Performer:  Michael Lochner (Organ)
Conductor:  Karl-Friedrich Beringer
Date of Recording: 1981-89 
Venue:  Sender Freies Berlin 
Length: 8 Minutes 14 Secs. 
3. Passionspartita for organ by Gottfried Müller
Performer:  Michael Lochner (Organ)
Date of Recording: 1981-89 
Venue:  Sender Freies Berlin 
Length: 13 Minutes 31 Secs. 
4. Jesus vor Pilatus, motet for chorus by Gottfried Müller
Performer:  Michael Lochner (Organ)
Conductor:  Karl-Friedrich Beringer
Date of Recording: 1981-89 
Venue:  Sender Freies Berlin 
Length: 5 Minutes 51 Secs. 
5. In derselbigen Nacht, motet for chorus by Gottfried Müller
Performer:  Michael Lochner (Organ)
Conductor:  Karl-Friedrich Beringer
Date of Recording: 1981-89 
Venue:  Sender Freies Berlin 
Length: 3 Minutes 54 Secs. 
6. Es ist das Heil uns kommen her, chorale for organ by Gottfried Müller
Performer:  Michael Lochner (Organ)
Date of Recording: 1981-89 
Venue:  Sender Freies Berlin 
Length: 1 Minutes 13 Secs. 
7. Wer will uns scheiden, motet for chorus by Gottfried Müller
Performer:  Michael Lochner (Organ)
Conductor:  Karl-Friedrich Beringer
Date of Recording: 1981-89 
Venue:  Sender Freies Berlin 
Length: 4 Minutes 53 Secs. 
8. Gott sei dank durch alle Welt, chorale for organ by Gottfried Müller
Performer:  Michael Lochner (Organ)
Date of Recording: 1981-89 
Venue:  Sender Freies Berlin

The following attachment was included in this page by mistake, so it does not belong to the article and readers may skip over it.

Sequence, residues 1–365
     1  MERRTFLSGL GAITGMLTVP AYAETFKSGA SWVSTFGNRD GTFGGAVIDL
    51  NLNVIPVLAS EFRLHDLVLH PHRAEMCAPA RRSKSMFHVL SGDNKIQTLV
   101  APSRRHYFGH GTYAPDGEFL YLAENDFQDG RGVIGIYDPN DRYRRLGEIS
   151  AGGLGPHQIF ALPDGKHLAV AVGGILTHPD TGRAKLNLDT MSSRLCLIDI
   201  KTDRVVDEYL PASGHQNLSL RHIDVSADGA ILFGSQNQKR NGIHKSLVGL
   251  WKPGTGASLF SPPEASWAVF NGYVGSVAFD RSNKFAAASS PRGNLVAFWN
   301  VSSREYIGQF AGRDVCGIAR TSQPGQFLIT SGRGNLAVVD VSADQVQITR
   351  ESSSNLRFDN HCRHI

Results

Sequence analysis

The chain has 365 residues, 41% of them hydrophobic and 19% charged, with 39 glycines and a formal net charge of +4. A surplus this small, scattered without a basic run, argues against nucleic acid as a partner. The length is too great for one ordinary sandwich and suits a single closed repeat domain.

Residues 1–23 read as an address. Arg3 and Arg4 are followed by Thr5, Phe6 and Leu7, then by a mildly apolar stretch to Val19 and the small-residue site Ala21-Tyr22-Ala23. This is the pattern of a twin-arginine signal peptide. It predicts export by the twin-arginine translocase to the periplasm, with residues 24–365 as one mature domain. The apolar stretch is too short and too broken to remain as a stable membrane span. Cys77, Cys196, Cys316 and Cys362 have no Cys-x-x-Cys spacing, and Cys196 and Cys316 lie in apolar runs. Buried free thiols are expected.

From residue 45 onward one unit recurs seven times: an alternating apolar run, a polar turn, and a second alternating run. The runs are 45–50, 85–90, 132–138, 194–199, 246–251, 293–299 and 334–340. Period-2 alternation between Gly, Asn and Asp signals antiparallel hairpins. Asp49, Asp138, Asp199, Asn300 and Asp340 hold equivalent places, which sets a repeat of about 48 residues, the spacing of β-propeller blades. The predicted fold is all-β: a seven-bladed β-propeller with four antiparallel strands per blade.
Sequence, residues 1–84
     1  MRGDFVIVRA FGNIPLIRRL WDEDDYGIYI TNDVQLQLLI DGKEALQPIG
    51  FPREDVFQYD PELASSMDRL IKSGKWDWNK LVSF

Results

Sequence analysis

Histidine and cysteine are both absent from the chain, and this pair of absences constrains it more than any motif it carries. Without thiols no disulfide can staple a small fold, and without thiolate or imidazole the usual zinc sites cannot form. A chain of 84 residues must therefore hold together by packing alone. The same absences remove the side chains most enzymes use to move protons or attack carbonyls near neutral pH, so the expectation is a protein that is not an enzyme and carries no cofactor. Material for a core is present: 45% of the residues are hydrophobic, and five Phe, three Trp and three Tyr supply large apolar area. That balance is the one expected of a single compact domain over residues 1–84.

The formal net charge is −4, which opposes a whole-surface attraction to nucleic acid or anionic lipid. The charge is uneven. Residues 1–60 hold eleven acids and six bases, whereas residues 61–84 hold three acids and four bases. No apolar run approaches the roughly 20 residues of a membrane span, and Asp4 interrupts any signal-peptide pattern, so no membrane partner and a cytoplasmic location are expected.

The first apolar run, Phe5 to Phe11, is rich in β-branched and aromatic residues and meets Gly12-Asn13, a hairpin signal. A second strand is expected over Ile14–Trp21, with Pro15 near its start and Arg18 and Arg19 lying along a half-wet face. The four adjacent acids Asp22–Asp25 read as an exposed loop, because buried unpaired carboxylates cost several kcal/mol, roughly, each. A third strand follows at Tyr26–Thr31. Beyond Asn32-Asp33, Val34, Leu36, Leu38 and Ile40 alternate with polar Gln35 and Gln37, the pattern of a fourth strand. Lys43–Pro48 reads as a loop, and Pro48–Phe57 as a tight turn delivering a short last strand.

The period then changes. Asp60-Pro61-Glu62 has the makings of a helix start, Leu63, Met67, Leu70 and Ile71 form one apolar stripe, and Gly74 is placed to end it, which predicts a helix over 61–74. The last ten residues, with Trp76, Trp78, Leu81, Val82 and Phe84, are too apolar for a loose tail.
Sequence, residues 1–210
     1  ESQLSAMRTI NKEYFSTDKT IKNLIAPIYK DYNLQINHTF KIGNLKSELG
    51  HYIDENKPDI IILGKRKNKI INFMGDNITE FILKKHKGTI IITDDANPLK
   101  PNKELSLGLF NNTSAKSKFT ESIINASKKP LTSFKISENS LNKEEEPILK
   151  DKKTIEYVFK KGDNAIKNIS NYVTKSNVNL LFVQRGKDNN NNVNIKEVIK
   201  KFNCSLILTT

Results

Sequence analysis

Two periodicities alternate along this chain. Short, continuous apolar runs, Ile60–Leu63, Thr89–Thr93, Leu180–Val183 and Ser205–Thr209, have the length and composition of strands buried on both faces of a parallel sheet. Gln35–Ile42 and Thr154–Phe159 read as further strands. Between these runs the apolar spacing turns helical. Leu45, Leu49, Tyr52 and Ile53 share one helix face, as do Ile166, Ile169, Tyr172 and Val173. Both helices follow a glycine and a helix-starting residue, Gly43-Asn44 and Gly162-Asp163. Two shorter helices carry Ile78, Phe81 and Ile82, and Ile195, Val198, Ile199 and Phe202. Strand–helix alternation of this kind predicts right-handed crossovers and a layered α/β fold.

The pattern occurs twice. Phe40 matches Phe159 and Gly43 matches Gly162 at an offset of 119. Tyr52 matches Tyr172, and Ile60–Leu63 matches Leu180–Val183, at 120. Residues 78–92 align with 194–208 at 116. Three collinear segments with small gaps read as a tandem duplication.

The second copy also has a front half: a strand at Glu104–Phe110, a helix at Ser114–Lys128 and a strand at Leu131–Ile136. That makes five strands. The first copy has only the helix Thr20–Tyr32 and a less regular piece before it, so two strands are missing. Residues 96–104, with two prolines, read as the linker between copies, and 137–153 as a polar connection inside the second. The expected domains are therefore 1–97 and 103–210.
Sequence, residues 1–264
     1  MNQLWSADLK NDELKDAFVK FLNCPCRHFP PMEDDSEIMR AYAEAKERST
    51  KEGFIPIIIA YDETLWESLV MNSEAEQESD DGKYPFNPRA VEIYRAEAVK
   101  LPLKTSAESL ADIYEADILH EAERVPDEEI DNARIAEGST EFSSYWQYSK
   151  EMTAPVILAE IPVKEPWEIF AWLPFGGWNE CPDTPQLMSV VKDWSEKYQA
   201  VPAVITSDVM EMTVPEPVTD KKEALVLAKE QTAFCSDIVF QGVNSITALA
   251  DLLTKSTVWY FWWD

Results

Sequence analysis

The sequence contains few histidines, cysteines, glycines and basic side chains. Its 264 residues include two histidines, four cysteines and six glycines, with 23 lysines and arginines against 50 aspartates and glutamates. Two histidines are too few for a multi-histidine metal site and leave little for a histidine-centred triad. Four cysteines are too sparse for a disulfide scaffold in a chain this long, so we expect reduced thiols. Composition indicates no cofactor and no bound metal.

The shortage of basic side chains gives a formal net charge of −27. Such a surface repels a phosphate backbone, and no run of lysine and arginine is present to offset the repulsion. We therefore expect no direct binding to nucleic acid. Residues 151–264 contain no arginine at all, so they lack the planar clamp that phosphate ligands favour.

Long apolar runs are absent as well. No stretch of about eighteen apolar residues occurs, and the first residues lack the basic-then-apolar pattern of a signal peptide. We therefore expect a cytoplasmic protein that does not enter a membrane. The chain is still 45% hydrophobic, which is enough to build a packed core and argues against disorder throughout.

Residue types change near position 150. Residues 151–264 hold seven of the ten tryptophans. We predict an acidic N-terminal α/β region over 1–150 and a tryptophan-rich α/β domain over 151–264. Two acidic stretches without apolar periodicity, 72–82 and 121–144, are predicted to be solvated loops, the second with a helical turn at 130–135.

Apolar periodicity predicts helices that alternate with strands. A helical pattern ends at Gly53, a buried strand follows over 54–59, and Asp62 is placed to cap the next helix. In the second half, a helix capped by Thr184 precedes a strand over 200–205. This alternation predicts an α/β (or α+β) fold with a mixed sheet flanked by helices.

Length: 1 Minutes 16 Secs. 
9. Kündlich groß ist das Gottselige geheimnis, motet for chorus by Gottfried Müller
Performer:  Michael Lochner (Organ)
Conductor:  Karl-Friedrich Beringer
Date of Recording: 1981-89 
Venue:  Hessischer Rundfunk, Frankfurt, Germany 
Length: 3 Minutes 12 Secs. 
10. Meine Zeit steht in deinen Händen, motet for 4 voices by Gottfried Müller
Performer:  Michael Lochner (Organ)
Conductor:  Karl-Friedrich Beringer
Date of Recording: 1981-89 
Venue:  Sender Freies Berlin 
Length: 4 Minutes 15 Secs. 
11. O Licht, geboren aus dem Lichte, motet for 4 voices by Gottfried Müller
Performer:  Michael Lochner (Organ)
Conductor:  Karl-Friedrich Beringer
Date of Recording: 1981-89 
Venue:  Sender Freies Berlin 
Length: 3 Minutes 16 Secs. 
12. Ein lämmlein geht, chorale for organ by Gottfried Müller
Performer:  Michael Lochner (Organ)
Date of Recording: 1981-89 
Venue:  Sender Freies Berlin 
Length: 2 Minutes 32 Secs. 
13. Aus tiefer not, chorale for organ by Gottfried Müller
Performer:  Michael Lochner (Organ)
Date of Recording: 1981-89 
Venue:  Sender Freies Berlin 
Length: 2 Minutes 34 Secs. 
14. Vater unser, motet for chorus by Gottfried Müller
Performer:  Michael Lochner (Organ)
Conductor:  Karl-Friedrich Beringer
Date of Recording: 1981-89 
Venue:  Sender Freies Berlin 
Length: 7 Minutes 11 Secs. 

Sound Samples

Pfingstpartita
Und kam gen Nazareth
Passionspartita
Jesus vor Pilatus
In derselbigen Nacht
Es ist das Heil uns kommen her
Wer will uns scheiden von der Liebe Gottes
Gott sei Dank durch alle Welt
Kundlich gross
Meine Zeit steht in deinen Handen
O Licht, geboren aus dem Lichte
Ein Lammlein geht und tragt die Schuld
Aus tiefer Not schrei ich zu Dir
Vater unser